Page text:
SQL: SQL and C++ Data Types (ODBC)
This information applies to the MFC ODBC classes. If you are working with the MFC DAO classes, see the topic "Comparison of Microsoft Jet Database Engine SQL and ANSI SQL" in DAO Help.
The following table maps ANSI SQL data types to C++ data types. This augments the C language information given in Appendix D of the ODBC SDK Programmer's Reference on the MSDN Library CD. The wizards manage most data type mapping for you. If you do not use a wizard, you can use the mapping information to help you write the field exchange code manually.
ANSI SQL Data Types Mapped to C++ Data Types
ANSI SQL data type
C++ data type
CLongBinary, CString 2
CLongBinary, CByteArray 3
1. ANSI DECIMAL and NUMERIC map to CString because SQL_C_CHAR is the default ODBC transfer type.
2. Character data beyond 255 characters is truncated by default when mapped to CString. You can extend the truncation length by explicitly setting the nMaxLength argument of RFX_Text.
3. Binary data beyond 255 characters is truncated by default when mapped to CByteArray. You can extend the truncation length by explicitly setting the nMaxLength argument of RFX_Binary.
If you are not using the ODBC cursor library, you might encounter a problem when attempting to update two or more long variable-length fields using the Microsoft SQL Server ODBC driver and the MFC ODBC database classes. The ODBC types, SQL_LONGVARCHAR and SQL_LONGVARBINARY, map to text and image SQL Server types. A CDBException is thrown if you update two or more long variable-length fields on the same call to CRecordset::Update. Therefore, do not update multiple long columns simultaneously with CRecordset::Update. You can update multiple long columns simultaneously with the ODBC API SQLPutData. You can also use the ODBC cursor library, but this is not recommended for drivers, like the SQL Server driver, that support cursors and do not need the cursor library.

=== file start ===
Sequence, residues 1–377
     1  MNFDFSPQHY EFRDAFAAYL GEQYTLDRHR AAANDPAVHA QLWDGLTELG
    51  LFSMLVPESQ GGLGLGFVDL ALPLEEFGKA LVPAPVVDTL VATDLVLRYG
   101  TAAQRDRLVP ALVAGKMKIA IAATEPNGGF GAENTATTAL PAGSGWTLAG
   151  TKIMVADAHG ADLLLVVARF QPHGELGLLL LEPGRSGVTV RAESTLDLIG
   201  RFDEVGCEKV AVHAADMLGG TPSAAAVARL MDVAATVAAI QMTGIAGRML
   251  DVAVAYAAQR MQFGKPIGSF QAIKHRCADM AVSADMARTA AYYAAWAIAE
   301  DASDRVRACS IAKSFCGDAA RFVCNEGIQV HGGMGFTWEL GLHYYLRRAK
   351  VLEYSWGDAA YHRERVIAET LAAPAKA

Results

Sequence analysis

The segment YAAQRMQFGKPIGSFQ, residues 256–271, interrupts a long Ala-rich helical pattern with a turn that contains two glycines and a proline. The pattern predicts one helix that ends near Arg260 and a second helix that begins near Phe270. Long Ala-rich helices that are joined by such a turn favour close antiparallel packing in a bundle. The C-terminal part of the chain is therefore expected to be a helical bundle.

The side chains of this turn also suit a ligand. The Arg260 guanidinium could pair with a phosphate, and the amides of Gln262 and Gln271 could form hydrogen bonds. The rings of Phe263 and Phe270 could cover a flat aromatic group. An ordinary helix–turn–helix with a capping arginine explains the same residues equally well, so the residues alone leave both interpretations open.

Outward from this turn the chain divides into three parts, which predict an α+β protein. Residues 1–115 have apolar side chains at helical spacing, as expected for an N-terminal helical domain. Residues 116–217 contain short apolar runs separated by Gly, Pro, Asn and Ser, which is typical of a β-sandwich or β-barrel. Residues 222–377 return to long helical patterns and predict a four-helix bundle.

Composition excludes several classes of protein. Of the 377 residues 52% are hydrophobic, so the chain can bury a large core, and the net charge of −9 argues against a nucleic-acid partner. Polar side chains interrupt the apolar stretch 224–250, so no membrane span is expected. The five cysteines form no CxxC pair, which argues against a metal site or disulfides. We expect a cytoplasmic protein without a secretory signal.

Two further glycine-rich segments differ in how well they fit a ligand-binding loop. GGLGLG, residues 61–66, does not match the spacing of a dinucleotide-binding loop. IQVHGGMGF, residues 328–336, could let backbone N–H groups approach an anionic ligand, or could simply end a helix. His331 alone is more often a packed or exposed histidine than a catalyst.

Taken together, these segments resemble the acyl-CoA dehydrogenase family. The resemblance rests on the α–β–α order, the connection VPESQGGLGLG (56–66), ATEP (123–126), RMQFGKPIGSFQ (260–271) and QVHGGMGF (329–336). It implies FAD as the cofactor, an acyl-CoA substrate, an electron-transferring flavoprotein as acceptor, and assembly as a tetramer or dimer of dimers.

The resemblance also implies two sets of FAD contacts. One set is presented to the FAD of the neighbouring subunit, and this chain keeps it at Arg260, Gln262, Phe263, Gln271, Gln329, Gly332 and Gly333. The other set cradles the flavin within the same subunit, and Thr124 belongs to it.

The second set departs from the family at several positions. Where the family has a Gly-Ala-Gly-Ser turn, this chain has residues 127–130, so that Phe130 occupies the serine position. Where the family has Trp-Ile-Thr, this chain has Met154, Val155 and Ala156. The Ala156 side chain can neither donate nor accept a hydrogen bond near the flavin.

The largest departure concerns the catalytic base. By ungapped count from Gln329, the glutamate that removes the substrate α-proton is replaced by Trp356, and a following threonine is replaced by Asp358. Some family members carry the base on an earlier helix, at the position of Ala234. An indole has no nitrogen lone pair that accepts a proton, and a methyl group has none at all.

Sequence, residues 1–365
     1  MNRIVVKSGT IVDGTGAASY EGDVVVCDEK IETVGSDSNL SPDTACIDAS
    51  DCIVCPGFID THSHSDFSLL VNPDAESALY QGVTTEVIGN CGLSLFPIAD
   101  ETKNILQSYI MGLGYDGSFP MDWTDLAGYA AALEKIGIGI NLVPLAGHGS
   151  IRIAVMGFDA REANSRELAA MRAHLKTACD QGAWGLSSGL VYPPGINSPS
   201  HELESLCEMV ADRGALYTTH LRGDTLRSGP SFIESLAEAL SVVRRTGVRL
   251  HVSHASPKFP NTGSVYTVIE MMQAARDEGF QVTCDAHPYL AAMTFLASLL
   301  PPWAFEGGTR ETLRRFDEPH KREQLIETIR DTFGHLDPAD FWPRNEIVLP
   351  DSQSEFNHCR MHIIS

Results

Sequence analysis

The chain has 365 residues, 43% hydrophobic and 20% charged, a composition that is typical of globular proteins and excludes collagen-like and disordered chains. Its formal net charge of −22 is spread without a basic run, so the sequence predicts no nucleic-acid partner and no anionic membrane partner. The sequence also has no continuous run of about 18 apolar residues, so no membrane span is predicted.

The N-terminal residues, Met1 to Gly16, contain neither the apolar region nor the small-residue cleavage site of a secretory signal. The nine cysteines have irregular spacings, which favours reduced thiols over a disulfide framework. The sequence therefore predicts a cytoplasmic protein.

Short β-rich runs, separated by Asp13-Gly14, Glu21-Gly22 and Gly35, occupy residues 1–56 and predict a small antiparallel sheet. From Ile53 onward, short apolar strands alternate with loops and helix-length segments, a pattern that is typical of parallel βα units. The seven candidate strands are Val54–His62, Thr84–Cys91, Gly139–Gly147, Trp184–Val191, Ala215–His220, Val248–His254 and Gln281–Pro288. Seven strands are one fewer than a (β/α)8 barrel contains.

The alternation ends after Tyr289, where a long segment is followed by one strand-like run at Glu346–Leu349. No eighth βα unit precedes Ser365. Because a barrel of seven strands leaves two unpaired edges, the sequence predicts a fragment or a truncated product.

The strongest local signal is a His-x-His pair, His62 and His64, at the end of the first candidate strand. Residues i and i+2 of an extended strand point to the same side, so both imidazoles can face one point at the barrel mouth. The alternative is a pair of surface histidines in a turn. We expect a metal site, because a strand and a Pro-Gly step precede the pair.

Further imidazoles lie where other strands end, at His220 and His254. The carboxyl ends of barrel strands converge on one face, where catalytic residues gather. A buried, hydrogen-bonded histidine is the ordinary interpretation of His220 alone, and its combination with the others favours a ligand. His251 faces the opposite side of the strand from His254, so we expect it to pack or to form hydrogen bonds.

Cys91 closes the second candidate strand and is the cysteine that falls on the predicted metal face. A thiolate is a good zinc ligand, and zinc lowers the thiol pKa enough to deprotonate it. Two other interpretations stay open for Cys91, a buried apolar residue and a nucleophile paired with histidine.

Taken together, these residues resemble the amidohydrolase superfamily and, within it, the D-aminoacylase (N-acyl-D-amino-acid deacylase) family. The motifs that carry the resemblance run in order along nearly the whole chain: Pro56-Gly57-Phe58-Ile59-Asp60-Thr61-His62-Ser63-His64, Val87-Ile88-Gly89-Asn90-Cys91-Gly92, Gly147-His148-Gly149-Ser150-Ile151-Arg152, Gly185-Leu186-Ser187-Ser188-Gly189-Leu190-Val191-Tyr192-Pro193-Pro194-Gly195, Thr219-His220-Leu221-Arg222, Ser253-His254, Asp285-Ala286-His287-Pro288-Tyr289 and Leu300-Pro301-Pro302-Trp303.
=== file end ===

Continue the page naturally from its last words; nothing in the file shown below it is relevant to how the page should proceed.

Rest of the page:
If you are using the ODBC cursor library with the MFC ODBC database classes and the Microsoft SQL Server ODBC driver, an ASSERT might occur along with a CDBException if a call to CRecordset::Update follows a call to CRecordset::Requery. Instead, call CRecordset::Close and CRecordset::Open rather than CRecordset::Requery. Another solution is not to use the ODBC cursor library, because the SQL Server and the SQL Server ODBC driver provide native support for cursors natively and the ODBC cursor library is not needed.